In my experience, fat content plays a large role in my bowels and now that I’ve worked with plenty of constipated clients I know this diet trick almost universally helps with constipation. Some ways to add more fat to your diet are to eat fattier cuts of meat like bacon, add spoonfuls of healthy oils like coconut oil to your meals, or eat an avocado daily. Try adding more fats for at least a week before moving onto another suggestion below.

2. Consume Fermentable Foods

When I started this journey I read about how 50-80% of your stool is made up of bacteria. And I thought well all I need is to eat a bunch of bacteria then. Nope. It’s never that easy.

It turns out that eating fermentable substrates might be more important for proper stools than eating probiotics. You might be more familiar with the term prebiotics.

It appears the best way to encourage changes in flora are likely from the inside out. Just as we encourage proper small intestine bacterial growth through foods, we can encourage proper colon bacterial growth with foods that contain fermentable substrates.

Some of these fermentable substrates are: polyols, oligosaccharides, pectin, beta-glucan and other non-absorbed carbohydrates and protein that make it to the colon.

Paradoxically many of the fermentable substrates listed above that encourage healthy colon flora are those indentified as bad in the FODMAPs diet. So, from one viewpoint these foods can cause diarrhea and bowel issues but in another they might actually encourage proper bowel health. There will be more on this to come in the future, but for now remember no hormone is ever good or evil and the same is true for real foods.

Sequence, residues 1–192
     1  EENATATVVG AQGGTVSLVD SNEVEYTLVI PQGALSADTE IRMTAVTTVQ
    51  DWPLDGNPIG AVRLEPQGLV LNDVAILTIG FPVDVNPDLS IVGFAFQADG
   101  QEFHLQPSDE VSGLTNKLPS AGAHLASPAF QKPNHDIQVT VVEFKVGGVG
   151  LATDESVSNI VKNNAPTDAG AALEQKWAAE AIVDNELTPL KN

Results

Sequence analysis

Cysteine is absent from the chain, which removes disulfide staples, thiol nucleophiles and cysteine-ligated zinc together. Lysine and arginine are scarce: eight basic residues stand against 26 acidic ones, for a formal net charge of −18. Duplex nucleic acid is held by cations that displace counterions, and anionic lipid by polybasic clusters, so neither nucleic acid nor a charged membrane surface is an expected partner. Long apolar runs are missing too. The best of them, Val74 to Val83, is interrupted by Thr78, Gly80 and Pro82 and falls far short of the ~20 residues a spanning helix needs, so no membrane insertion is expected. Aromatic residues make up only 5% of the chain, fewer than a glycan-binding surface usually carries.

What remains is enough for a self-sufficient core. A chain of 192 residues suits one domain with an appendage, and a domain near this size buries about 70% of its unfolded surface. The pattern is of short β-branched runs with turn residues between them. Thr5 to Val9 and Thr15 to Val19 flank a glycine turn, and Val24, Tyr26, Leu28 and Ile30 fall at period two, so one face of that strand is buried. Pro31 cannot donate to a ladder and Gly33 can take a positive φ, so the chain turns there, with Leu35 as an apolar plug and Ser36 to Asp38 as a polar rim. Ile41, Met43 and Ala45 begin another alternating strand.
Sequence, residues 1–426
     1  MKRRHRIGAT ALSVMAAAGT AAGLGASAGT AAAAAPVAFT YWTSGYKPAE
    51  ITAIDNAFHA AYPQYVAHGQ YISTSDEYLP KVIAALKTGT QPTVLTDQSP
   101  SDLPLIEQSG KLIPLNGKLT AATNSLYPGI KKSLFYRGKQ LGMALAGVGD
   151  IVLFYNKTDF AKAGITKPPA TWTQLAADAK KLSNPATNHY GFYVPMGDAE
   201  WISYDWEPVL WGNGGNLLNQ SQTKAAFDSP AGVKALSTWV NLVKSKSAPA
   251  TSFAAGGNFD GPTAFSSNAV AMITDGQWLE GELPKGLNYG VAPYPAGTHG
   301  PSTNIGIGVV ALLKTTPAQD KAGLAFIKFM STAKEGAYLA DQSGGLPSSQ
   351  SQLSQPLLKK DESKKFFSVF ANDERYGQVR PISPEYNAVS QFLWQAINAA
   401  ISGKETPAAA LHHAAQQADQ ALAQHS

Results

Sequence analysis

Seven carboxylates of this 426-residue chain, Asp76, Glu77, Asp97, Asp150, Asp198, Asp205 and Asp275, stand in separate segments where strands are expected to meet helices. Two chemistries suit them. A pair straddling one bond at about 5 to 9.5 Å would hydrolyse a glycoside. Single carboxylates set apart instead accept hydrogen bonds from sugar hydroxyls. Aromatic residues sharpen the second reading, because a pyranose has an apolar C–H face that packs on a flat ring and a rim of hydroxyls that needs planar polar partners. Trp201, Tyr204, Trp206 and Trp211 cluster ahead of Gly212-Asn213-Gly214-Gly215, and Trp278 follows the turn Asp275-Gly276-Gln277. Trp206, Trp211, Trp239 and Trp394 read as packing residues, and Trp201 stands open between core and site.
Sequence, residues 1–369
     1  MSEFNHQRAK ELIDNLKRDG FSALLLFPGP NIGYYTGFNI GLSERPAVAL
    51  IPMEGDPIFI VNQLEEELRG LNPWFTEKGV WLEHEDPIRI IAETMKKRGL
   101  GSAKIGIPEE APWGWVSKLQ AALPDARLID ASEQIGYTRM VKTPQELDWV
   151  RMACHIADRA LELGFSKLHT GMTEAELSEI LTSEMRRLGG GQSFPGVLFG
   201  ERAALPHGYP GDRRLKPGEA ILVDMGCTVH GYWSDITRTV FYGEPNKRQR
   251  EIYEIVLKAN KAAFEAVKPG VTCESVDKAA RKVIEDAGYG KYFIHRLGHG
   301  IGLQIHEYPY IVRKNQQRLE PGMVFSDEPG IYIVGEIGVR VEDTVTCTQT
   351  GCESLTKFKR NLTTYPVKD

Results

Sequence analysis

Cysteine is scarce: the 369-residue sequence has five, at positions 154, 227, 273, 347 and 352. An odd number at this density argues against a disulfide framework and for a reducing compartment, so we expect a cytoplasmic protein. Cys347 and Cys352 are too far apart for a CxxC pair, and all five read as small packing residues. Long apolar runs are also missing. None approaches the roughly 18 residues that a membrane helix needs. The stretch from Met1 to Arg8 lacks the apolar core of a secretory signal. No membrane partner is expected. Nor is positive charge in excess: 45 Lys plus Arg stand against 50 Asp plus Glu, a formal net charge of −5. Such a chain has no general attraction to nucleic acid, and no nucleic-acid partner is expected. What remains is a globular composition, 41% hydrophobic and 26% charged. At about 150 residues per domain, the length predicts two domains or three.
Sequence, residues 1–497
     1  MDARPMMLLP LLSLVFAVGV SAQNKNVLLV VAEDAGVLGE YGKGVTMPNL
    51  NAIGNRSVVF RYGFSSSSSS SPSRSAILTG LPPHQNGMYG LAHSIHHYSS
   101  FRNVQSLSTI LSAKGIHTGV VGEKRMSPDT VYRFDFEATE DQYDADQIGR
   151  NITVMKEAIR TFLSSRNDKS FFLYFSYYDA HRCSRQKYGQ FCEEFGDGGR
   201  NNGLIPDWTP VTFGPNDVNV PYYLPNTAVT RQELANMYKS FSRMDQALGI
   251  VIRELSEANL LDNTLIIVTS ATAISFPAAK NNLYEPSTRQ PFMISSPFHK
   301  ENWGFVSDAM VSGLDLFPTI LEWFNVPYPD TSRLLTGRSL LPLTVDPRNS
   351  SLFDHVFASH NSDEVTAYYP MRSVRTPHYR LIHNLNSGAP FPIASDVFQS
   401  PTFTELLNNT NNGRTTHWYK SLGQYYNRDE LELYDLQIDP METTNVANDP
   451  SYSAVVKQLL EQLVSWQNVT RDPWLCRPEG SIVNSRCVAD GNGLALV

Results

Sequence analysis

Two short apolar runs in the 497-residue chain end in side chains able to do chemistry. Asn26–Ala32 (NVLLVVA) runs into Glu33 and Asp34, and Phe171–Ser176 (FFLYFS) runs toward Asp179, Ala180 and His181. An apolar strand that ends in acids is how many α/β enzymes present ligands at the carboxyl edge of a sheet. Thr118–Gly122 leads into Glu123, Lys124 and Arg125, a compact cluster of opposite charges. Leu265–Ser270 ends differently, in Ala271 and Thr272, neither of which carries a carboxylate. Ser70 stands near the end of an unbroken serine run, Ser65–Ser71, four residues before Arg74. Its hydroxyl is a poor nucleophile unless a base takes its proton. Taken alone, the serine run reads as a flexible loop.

If you have constipation issues, start eating more of these foods on a weekly basis: onions, garlic, mushrooms, berries, broccoli, carrots, cauliflower, brussel sprouts, pears, apples.

3. Eat More Carbohydrates

Carbohydrate isn’t the devilish demon some people like to make it out to be. Each person is an individual, so just as a diabetic and a person with SIBO will want to limit carbohydrate a person who is training for an ironman or constipation might need to increase it. The point is each person is living a certain lifestyle and has certain health conditions. And depending on those variables dietary carbohydrate should be custom fit to their needs.

When it comes to constipation there are a few reasons why adequate carbohydrate consumption could be very important to improving your stools and health: